// search/actions.js

import axios from 'axios';
import * as type from './types';

export const actions = {
  [type.GET_SEARCH_RESULTS]: async ({ commit }, payload) => {
    commit(type.GET_SEARCH_RESULTS);
    try {
      const response = await axios.get('/api-endpoint', payload);
      commit(type.GET_SEARCH_RESULTS_SUCCESS, response);
    } catch(err) {
      commit(type.GET_SEARCH_RESULTS_ERROR, err);
    }
  }
}

The commit function, destructured from the default arguments of the action, lets us commit our new data to state, by calling a mutation. Our mutations use the same names as we find is the actions object. Our above example calls three separate commits, with different mutations, allowing us to control our UI based on what is happening with the API call as we mentioned above.

In our mutations, we receive whatever payload is being sent from our action (as the second), and we can now update our state:

// search/mutations.js

import * as type from './types';

export const mutations =  {
  [type.GET_SEARCH_RESULTS](state, payload) {
    state.isFetching = true;
  },
  [type.GET_SEARCH_RESULTS_SUCCESS](state, payload) {
    state.searchResults = [...payload.data];
    state.hasError = false;
    state.isFetching = false;
  }
  [type.GET_SEARCH_RESULTS_ERROR](state, payload) {
    state.hasError = true;
    state.isFetching = false;
  }
}

Putting it together

Now that we have put together the Vuex store, let's look at a more complete example inside a Vue component. In our pretend search form, we call a handleSubmit when the form is posted, which ultimately calls our action. When the API call is resolved, our state gets updated as a result of the commit functions that call our mutations:

// searchForm.vue

<template>
  <form @submit="handleSubmit">
    <input type="text" :model="searchTerm" />
    <div
      v-if="hasError">
      There was an error with your search
    </div>
    <button :class="{'show-spinner': isFetching}">Submit</button>
  </form>
</template>

<script>

import { mapActions, mapState, mapGetters } from 'Vuex';
import { GET_SEARCH_RESULTS } from 'path/to/search/types';

export default {
  name: 'search-form',
  data() {
    return {
      searchTerm: ''
    }
  },
  methods: {
    ...mapActions([
      GET_SEARCH_RESULTS
    ]),
    handleSubmit() {
      // perform validation or data formatting before submitting, if needed
      // then pass along our search term to the action
      this.GET_SEARCH_RESULTS(this.searchTerm);
    }
  },
  computed: {
    ...mapState({
      isFetching: state => state.search.isFetching,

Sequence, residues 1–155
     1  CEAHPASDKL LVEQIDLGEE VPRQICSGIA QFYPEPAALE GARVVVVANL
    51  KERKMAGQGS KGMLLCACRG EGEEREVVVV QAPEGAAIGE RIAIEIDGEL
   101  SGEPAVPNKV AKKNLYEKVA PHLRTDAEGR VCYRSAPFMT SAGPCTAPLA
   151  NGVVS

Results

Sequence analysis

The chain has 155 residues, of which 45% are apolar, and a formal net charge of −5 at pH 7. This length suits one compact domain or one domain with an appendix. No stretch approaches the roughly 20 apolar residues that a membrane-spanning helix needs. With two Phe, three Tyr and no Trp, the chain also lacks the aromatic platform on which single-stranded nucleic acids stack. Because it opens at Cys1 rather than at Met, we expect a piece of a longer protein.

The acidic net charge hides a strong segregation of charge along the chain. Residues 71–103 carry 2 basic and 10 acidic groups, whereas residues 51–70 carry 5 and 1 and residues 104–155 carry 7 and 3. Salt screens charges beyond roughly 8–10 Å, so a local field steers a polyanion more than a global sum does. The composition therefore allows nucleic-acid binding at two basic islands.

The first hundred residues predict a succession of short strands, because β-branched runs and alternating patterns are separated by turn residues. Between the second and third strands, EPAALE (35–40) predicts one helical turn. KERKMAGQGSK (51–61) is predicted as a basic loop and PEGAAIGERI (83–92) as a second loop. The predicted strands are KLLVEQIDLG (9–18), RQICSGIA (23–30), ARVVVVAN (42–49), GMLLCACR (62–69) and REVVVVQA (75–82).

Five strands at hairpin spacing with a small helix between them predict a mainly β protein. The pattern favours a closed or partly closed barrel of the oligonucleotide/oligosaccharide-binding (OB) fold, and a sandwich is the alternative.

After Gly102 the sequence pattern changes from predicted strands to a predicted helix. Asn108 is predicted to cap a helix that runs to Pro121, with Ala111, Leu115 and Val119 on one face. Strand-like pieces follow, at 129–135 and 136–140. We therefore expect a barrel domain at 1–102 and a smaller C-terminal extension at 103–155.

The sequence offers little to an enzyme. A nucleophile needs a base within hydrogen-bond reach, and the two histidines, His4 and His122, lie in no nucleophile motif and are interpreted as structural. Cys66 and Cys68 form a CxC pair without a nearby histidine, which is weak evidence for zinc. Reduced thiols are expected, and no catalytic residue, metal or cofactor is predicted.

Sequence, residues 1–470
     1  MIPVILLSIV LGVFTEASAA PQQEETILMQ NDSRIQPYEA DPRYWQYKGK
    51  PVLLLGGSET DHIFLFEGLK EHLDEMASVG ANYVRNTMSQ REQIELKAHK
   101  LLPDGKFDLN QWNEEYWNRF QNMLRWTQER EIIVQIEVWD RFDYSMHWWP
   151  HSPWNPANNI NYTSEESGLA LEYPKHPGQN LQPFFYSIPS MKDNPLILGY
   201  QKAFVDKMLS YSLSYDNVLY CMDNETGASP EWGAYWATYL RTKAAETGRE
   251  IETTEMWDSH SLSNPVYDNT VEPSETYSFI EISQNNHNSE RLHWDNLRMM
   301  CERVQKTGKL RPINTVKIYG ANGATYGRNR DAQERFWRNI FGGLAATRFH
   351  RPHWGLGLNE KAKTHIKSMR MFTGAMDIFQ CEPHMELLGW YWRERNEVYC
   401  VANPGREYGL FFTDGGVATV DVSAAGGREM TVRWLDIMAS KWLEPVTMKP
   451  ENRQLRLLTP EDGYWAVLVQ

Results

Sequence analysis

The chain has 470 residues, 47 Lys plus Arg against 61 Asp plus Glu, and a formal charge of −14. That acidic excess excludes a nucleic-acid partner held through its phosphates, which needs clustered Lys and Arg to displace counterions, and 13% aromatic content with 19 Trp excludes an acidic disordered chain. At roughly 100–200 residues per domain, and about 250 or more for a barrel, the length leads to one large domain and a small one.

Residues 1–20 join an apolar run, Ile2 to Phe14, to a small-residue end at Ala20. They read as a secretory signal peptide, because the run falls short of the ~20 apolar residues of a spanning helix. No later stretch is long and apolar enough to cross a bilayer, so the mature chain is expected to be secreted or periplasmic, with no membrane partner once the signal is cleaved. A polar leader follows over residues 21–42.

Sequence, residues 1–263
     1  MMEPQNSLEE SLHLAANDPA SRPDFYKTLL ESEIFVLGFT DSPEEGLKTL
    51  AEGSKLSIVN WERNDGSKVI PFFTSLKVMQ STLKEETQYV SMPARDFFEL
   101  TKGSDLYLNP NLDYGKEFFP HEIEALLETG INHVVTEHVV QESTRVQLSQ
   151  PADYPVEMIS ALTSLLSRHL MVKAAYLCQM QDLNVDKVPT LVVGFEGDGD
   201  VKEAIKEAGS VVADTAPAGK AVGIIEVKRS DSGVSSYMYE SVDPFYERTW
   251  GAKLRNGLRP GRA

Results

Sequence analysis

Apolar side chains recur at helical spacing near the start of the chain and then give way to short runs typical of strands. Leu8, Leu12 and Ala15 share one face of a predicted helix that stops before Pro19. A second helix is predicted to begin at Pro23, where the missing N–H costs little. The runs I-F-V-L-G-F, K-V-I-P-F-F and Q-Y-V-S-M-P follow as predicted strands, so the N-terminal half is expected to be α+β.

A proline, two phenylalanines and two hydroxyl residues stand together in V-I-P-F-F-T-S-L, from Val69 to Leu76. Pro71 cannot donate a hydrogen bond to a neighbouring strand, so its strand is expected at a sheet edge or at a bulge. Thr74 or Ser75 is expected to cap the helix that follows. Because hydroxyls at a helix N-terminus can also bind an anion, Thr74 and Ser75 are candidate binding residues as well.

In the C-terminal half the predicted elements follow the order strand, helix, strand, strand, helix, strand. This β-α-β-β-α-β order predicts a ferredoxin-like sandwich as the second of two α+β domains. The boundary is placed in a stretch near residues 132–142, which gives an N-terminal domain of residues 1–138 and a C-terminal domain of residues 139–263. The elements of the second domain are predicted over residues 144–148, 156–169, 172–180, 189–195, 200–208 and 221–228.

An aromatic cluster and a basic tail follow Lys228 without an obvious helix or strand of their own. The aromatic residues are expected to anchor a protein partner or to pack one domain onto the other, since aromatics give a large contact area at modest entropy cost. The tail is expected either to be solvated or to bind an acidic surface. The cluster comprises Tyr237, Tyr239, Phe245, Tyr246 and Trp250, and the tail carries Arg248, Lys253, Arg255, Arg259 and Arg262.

hasError: state => state.search.hasError,
    })
  }

}
</script>

What we see here is that the data mapped from our store operates in the Vue template just like local data would. When our store's isFetching is true, we can show a spinner gif or some other style in place of our button. Once the API call resolves, the mutation sets isFetching to false, and our class disappears.

In exactly the same way, if there is an error with the API call, we commit that to our state, and show the error message in the template. If another call is attempted with success, the mutation sets the store's hasError to false, and the message is hidden.

The REAL beauty now, is using this same data inside another component. Let's imagine that the example above only performs the search. What about showing the results? In another component, we can borrow the same state data:

// searchResults.vue

<template>
  <div>
    <p>Total results: {{ numberResults }}</p>
    <ul v-if="showResults">
      <li v-for="filteredResults as result">
        <a href="result.href">{{ result.text }}</a>
      </li>
    </ul>
  </div>
</template>

<script>
import { mapState, mapGetters } from 'Vuex';

export default {
  name: 'search-results',
  computed: {
    ...mapState({
      isFetching: state => state.search.isFetching,
      hasError: state => state.search.hasError,
    }),
    ...mapGetters([
      'numberResults',
      'filteredResults',
      'showResults'
    ])
  }
}
</script>

In this case, we can also show our results based on our showResults getter - it checks whether or not there are results to show, if there are errors, and if we're not still fetching data.

Vuex store recap

Now we can easily share our search store between components. By moving our local data and API calls from within our component and into the store, any component can access the search state, getters, and actions. As a result, our component is cleaner, and our code is reusable across components that need access to search data.